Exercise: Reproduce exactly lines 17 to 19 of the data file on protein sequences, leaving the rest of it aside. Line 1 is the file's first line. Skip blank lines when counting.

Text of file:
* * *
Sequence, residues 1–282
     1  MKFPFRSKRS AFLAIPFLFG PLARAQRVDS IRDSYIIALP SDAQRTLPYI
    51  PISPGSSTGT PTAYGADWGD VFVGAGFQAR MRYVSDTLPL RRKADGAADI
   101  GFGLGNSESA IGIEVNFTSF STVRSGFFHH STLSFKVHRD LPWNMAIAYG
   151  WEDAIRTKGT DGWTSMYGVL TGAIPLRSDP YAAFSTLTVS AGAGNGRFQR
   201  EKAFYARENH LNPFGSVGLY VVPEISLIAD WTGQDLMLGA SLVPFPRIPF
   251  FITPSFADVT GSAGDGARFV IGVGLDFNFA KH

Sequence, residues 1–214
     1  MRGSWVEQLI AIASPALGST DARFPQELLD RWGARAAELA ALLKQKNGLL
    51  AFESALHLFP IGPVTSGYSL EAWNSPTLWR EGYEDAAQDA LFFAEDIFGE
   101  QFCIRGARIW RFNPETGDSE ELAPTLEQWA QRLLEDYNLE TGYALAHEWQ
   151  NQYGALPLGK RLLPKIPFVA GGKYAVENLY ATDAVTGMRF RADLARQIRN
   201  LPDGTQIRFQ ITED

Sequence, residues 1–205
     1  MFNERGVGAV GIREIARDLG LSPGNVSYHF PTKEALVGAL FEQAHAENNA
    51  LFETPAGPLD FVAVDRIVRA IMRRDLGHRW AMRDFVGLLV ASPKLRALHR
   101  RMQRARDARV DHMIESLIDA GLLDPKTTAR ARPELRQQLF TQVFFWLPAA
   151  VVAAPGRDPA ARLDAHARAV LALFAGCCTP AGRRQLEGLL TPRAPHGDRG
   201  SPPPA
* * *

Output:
   101  RMQRARDARV DHMIESLIDA GLLDPKTTAR ARPELRQQLF TQVFFWLPAA
   151  VVAAPGRDPA ARLDAHARAV LALFAGCCTP AGRRQLEGLL TPRAPHGDRG
   201  SPPPA